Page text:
We had a really good rehearsal last night for Saturday's gig at Concorde 2 in Brighton. The guys are in full-on super horn blend mode and there was some very lovely playing, even though we were all the worse for wear for the heat- until we found the air conditioning unit. The girl, whose gender is famous for being crap at technology, noticed it and suggested that we use it.
Our sax player Paul Davey's other band, Daniel Takes a Train, are undergoing a revival at the moment and have just signed their back catalogue to a German record label. Dave Jago, the trombone player, has spent four weeks in India with The Bollywood Brass Band, and Steve Joy's band Stanley Dee, who do Steely Dan covers, is also doing very well; it gets more and more difficult to arrange gigs and rehearsals, which is why we play so rarely. It's much easier for me to be a solo artist and I do really enjoy the worry-free adventures that I have, but this makes it all the more fun when we do get together and play as Helen and the Horns. Everything just flows and it's a good feeling to be immersed in the sound of a band for a change.
Afterwards we went to the pub and Dave said that years ago when we used to MD shows with the Count of Three theatre group, our house band introduced Hamid Mantu (nee Hammy Lee) and Dubulah (Nick Page) , who then went on to form Transglobal Underground. Well I never.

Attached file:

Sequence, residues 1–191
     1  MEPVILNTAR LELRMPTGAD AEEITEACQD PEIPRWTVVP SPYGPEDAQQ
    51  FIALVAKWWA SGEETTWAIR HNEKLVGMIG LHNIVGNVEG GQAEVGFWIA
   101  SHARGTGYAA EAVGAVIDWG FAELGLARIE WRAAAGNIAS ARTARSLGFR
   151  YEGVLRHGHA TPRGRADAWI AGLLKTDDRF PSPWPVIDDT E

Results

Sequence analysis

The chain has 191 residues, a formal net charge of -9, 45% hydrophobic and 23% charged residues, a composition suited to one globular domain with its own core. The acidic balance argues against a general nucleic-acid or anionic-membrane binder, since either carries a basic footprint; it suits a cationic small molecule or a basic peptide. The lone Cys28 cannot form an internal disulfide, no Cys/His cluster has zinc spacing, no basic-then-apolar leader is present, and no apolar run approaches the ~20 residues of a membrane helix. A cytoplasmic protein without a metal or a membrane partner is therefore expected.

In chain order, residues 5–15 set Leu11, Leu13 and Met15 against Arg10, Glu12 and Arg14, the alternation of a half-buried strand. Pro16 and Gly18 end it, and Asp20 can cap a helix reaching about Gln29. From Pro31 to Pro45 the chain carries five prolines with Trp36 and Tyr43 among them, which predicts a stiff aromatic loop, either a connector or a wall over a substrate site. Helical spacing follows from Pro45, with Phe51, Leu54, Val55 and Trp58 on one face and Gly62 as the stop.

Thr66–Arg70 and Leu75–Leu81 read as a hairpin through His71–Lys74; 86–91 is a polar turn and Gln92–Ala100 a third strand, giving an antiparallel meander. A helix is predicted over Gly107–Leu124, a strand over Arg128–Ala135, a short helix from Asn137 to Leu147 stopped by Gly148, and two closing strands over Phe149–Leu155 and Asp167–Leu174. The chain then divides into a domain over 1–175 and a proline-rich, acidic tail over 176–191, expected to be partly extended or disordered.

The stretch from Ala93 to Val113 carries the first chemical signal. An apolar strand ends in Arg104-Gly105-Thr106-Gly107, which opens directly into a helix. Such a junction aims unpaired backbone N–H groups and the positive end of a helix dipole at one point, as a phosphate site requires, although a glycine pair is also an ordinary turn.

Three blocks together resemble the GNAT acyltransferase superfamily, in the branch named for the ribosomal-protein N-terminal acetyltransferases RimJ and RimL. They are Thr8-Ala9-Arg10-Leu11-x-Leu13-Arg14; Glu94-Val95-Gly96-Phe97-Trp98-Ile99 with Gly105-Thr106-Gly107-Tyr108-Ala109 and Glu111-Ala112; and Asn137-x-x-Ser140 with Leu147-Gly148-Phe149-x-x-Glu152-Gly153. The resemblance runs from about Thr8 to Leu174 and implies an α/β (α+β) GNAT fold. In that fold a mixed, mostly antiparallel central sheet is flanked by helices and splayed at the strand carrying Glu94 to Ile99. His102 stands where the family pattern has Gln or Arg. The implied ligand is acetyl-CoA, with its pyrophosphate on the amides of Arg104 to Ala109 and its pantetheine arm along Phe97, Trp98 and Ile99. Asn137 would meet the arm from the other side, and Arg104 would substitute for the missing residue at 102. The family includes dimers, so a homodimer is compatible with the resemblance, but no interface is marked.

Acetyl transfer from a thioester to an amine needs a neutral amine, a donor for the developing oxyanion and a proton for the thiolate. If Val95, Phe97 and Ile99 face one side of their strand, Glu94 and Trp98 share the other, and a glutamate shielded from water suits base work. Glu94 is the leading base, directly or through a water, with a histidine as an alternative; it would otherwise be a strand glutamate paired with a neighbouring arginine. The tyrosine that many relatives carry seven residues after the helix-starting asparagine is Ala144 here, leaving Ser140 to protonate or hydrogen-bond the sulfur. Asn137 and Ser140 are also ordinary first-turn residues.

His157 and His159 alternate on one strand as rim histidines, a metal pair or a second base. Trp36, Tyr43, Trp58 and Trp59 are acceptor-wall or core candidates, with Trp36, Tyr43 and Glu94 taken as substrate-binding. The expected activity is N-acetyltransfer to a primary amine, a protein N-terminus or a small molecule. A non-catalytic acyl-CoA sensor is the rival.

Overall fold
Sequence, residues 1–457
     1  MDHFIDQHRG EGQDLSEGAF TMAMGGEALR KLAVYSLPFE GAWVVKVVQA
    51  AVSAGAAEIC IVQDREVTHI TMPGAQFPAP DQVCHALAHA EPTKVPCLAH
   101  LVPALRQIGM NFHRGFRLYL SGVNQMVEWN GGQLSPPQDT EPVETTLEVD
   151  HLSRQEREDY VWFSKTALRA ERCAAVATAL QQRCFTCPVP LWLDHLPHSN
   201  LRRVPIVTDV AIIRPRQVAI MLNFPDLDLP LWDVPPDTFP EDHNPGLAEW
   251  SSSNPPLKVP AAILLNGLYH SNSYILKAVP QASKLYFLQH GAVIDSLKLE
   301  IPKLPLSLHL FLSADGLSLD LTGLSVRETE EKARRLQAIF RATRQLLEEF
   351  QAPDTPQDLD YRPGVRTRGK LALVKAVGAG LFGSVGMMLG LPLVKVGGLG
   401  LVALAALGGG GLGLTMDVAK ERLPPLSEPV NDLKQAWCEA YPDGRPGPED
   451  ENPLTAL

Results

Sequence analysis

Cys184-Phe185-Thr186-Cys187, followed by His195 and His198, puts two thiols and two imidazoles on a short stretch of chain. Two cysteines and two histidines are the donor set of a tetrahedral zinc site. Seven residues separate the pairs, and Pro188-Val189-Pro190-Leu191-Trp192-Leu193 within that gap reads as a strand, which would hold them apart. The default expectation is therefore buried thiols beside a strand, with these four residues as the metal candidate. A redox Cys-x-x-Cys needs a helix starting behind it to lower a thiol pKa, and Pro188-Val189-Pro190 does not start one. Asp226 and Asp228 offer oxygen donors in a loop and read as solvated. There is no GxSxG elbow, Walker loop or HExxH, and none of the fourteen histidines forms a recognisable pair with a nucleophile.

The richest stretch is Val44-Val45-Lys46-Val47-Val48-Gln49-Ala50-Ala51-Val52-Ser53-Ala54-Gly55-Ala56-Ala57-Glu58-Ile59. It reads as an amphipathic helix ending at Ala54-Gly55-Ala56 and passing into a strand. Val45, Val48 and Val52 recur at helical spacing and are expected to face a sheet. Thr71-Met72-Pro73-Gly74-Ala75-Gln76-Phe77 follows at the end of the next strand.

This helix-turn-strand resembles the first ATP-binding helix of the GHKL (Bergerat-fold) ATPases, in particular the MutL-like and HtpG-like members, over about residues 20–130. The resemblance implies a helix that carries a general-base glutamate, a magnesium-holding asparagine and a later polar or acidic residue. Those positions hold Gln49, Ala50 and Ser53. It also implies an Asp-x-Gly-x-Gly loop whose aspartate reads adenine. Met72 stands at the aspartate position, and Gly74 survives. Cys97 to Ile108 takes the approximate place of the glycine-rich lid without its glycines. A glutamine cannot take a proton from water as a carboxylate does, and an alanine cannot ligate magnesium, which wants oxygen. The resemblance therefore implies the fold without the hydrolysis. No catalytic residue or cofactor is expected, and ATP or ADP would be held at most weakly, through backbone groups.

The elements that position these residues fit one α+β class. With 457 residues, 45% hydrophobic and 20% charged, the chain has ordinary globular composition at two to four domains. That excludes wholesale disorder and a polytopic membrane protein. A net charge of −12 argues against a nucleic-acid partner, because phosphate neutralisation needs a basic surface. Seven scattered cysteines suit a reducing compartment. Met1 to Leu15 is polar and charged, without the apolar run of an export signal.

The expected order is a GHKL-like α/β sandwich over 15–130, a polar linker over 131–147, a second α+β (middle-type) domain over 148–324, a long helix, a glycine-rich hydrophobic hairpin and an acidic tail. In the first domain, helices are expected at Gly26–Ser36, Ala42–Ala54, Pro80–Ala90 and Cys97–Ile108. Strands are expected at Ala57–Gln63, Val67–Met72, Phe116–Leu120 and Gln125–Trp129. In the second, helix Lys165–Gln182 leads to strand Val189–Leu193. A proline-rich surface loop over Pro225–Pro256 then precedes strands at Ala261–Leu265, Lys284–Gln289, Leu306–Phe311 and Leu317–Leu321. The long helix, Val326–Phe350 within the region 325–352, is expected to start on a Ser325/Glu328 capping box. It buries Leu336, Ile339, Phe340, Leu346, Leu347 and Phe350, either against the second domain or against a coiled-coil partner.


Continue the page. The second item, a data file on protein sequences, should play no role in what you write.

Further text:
We will be playing this one on Saturday. When you sing a song that you write ages ago, the lyrics become mechanical, just a part in the whole. I was singing it this morning and I remembered that this was actually the love song of a rock'n'roll widow. I had started going out with another musician who was constantly on tour, and I missed him. We ended up being together for 25 years, which isn't bad for two musicians because the music industry is a turbulent one that thrives on gossip and infidelity.
We broke up some years ago, but the song reminded me of how things felt at the time.
I also want to say that I was very sorry to hear about Ken. He was an ace songwriter and arranger and we all used to knock round together in our bands, full of hope, energy and ambition, playing on the same stages often to the same people. Rest in peace, Ken, X.